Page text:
Which instrument does depend on personal preferences and the selected music to some degree. It also depends on how close you want to get to the original intent/context of the composer. I'm a geek about this, but to some people it matters less. With some exceptions, you can play most music with either the right-hand fingers or a suitable plectrum.

    If you want to explore the tuning in forths, but don't care to learn finger-style technique, a mandolino Lombardo mght be the thing. This approach lets you get your feet wet, as it were, and is a little less anachronistic than playing mandolino music on the Neapolitan instrument... but of course the mandolino Lombardo it is somewhat limiting as these guys were more heavily built and designed for the plectrum. If you want to explore right-hand finger-style playing (which I highly recommend), look to a double-strung mandolino, or a single-strung mandolino Milanese.

    Like anything, having a good instrument that plays well will increase the likelihood that you'll actually enjoy the experience and stick with it. A universal principal, I suppose. I would *not* recommend a tiny copy of the Cuttler-Challen Strad as a starter instrument, as it is something of a statistical outlier (speaking from personal experience). There is another great thread around here somewhere about historical six-course mandolino models that may be of interest.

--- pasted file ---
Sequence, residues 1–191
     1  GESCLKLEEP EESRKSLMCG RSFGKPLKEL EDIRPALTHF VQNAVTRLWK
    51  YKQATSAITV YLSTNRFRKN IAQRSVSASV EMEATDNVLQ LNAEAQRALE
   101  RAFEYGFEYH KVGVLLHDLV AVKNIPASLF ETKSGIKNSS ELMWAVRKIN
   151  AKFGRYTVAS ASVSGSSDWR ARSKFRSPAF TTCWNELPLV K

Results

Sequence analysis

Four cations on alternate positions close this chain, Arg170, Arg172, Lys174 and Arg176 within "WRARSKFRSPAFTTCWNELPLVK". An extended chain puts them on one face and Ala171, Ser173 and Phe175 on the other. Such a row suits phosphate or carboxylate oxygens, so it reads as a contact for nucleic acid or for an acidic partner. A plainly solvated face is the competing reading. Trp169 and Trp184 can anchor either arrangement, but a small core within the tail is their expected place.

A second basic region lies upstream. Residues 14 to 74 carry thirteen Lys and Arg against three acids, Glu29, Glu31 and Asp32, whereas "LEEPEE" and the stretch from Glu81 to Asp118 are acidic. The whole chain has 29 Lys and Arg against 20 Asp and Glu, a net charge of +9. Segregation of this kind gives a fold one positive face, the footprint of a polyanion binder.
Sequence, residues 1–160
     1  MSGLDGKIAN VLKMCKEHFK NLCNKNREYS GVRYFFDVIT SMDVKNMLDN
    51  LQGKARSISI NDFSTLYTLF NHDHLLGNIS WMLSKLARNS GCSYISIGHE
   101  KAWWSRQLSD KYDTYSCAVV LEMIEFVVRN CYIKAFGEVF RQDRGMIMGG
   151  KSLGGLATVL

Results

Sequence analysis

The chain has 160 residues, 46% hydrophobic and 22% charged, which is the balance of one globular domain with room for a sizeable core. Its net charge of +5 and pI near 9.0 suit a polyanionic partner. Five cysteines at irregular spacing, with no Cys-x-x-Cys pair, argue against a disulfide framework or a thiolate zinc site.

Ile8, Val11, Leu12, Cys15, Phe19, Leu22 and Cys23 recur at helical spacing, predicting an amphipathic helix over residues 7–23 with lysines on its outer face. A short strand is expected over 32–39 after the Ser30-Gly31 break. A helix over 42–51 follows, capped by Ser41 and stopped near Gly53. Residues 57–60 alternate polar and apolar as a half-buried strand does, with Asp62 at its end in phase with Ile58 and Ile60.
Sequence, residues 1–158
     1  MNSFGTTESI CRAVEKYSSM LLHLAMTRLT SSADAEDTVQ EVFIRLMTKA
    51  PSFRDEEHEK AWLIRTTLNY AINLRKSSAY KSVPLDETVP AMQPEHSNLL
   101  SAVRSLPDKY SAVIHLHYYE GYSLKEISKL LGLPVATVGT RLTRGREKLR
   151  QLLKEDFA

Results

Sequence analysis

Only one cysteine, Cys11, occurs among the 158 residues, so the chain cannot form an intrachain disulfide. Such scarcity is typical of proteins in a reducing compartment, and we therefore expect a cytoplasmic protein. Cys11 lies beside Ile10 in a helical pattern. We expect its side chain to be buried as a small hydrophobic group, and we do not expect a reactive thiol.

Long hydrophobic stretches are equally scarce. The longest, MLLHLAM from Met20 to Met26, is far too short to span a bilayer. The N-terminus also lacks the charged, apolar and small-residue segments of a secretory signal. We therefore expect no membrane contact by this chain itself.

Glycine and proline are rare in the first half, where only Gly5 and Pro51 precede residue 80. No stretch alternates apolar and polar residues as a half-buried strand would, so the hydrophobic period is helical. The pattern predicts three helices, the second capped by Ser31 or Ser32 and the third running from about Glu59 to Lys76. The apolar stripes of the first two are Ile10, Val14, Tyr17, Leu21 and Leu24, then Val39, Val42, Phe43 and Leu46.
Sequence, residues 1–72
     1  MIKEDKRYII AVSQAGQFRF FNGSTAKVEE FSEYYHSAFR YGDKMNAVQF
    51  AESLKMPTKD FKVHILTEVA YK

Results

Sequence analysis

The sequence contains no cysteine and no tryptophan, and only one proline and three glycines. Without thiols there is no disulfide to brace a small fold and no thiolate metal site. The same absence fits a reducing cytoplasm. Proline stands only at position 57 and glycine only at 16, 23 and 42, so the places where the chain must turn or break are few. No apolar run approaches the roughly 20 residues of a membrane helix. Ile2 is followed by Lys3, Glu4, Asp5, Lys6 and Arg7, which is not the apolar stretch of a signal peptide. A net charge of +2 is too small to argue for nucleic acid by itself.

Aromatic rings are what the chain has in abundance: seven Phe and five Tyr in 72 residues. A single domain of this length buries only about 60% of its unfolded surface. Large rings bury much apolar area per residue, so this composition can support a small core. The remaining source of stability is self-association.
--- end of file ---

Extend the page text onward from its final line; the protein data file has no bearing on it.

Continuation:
Best,

    Eric

    ps - I'm going to be parting with a lovely double-coursed six-course instrument soon. PM me if interested... but expect a delay as I'm on vacation just now and will soon be without the computer... :-)
    "The effect is pretty at first... It is disquieting to find that there are nineteen people in England who can play the mandolin; and I sincerely hope the number may not increase."

    - George Bernard Shaw, Times of London, December 12, 1893

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    So... Eugene managed to say what I said in many fewer words... :-)
    "The effect is pretty at first... It is disquieting to find that there are nineteen people in England who can play the mandolin; and I sincerely hope the number may not increase."

    - George Bernard Shaw, Times of London, December 12, 1893

  24. #24

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    Quote Originally Posted by
    "I'm going to be parting with a lovely double-coursed six-course instrument soon. PM me if interested."
    I'd love to, Eric, but my ignorance is so dreadfully profound that I need to find some anwsers to your many, relevant questions first, THEN consider the if/what/when/how, etc.

    Cheers,

    Victor
    It is not man who lives, but his work. (Ioannis Kapodistrias)